Once you are in you will need to arrange for the connection of power through either AGL or Energy Australia (the two suppliers of electricity in Sydney). They may ask you to pay a bond on your power account, but if you tell them their competition wasn’t going to make you do that then they will probably drop the matter. Assuming you leave the property in the same condition in which you found it (fair wear and tear excepted) then you can expect to get all of your bond back. The Estate Agents must lodge your bond with the Office of Fair Trading (Level 4, 234 Sussex Street) or they are liable for a pretty hefty fine. If you don’t get a notice of bond lodgement in the mail within a week of having moved in be sure to chase the matter up with you rental manager and the Office of Fair Trading.

Power Poles

Another good way to find medium term accommodation in Sydney is to check out the flyers that are put up all over the place on power poles or traffic lights in the central city and inner suburbs. Basically you pick the area that you want to live in, go to the closest train station or shopping centre and start screening flyers for the accommodation that you are looking for. There are also large flyer boards on campus at the University of New South Wales and Sydney University.

This method of finding accommodation has several advantages and disadvantages:


  • It is an excellent way of meeting people familiar with the area, so you may get a local introduction to the best local restaurants, pubs and shops. Your new flatmates may also know good places to go looking for work or know people in the industry.
  • Most existing flats are already kitted out with appliances and furniture so you don’t have to worry about spending cash on a more expensive furnished apartment or going to the hassle and expense of buying (and later selling) your gear.
  • Most people will advertise a set weekly rent that includes all bills (electricity, gas and water) and will often offer free internet access and cable TV.


  • Unless you choose carefully you may end up living with Buffalo Bill or Ivan Milat. Additionally many insurance policies will not cover you if the people you live with rip off your stuff.
  • As you are not officially listed on the lease the people who are on the lease can evict you pretty much any time they like.
  • Any bond that you pay (and you probably will have to shell out a couple of weeks rent in bond) will not be lodged with the Office of Fair Trading, so if your new flatmates / landlords decide to rip off your bond there isn’t much you can do about it (unless you have a few large mates that is).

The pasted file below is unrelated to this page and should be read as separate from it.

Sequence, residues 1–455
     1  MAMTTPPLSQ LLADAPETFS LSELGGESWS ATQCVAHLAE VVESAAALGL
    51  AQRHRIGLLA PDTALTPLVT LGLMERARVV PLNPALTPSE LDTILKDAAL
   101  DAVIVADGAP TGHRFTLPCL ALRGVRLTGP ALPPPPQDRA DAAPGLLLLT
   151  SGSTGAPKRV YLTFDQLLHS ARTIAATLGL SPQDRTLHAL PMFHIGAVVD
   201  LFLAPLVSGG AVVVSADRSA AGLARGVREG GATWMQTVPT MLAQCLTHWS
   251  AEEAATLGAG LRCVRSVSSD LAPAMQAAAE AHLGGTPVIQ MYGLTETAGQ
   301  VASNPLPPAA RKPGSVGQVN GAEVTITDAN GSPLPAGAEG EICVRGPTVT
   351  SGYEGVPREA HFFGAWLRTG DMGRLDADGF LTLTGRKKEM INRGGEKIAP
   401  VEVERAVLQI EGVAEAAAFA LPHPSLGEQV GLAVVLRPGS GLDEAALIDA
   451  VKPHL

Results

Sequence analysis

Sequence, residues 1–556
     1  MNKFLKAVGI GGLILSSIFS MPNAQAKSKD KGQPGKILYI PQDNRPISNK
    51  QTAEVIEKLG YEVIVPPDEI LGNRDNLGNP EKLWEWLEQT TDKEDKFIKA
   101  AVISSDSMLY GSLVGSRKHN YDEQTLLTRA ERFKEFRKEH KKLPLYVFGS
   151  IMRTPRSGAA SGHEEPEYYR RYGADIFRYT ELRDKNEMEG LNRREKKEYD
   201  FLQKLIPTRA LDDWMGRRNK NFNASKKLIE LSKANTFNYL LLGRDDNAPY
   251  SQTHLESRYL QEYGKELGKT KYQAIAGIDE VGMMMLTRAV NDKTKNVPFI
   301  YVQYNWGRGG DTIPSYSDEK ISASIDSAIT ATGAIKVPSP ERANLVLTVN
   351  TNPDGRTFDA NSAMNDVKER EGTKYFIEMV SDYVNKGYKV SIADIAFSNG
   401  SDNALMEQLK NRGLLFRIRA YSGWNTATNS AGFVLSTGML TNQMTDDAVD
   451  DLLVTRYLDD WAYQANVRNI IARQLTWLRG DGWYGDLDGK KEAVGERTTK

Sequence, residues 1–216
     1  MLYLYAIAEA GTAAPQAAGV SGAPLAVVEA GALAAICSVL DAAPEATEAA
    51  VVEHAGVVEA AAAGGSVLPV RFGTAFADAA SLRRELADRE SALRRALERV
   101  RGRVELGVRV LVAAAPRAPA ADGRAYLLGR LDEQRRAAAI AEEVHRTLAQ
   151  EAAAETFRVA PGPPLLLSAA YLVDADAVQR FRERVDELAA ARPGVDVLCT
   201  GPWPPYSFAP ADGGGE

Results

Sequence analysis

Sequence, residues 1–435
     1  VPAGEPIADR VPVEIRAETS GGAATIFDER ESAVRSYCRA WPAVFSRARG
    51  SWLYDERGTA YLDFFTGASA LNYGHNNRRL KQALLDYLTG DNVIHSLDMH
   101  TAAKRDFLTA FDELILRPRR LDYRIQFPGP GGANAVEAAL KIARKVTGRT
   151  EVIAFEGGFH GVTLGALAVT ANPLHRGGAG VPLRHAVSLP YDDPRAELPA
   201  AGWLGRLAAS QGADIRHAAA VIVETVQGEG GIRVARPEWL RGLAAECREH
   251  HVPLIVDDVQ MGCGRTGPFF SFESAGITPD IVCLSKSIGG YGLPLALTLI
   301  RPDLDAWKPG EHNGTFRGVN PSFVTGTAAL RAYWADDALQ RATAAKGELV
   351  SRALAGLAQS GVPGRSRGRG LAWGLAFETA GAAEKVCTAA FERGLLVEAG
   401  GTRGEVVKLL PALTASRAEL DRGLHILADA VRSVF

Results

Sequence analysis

• Your new flatmates will not be stoked to find that 5 of your drunken mates are going to be staying on the couch every night of the week when they get back from the pub at 2am.

How to Find a Job

Assuming you have the correct Visa and travel documentation, getting employment in Sydney is relatively easy if you are prepared to get off your chuff and go looking for it.

Job Essentials

Irrespective of what field you are in, there are three things you need to have before you can get a job in Sydney; an Australian bank account, a Tax File Number and a cellular phone. Any major bank will give you an account as long as you can supply them with an address in Australia and show them your passport. You can get a Tax File Number from the Australian Tax Office by visiting www.ato.gov.au and following the appropriate links. They will take approximately 2 weeks to send you a notification of your tax file number. In the mean time you can tell your employer that you have applied for a Tax File Number and you have a several week grace period to provide them with that number before the have to charge you at the nondisclosure rate that approaches 50 cents in the dollar.

The final piece of equipment that is essential to getting a job in Sydney is a cellular phone as potential employers will want to contact you at short notice for interviews and trials, and if they have to leave a message with three of your dodgy flatmates or reception at the backpackers they are going to give up on you pretty quickly. The cheapest way of getting a phone is to bring your handset from home and buy a sim card in Australia. The Pitt Street Mall is a good place to go shopping for a sim card as all of the major networks have stores here and you should be able to get a number with $50 in free credit for about $25. If you are not a permanent Australian resident you will find it very difficult to get anything other than a prepaid cellular account.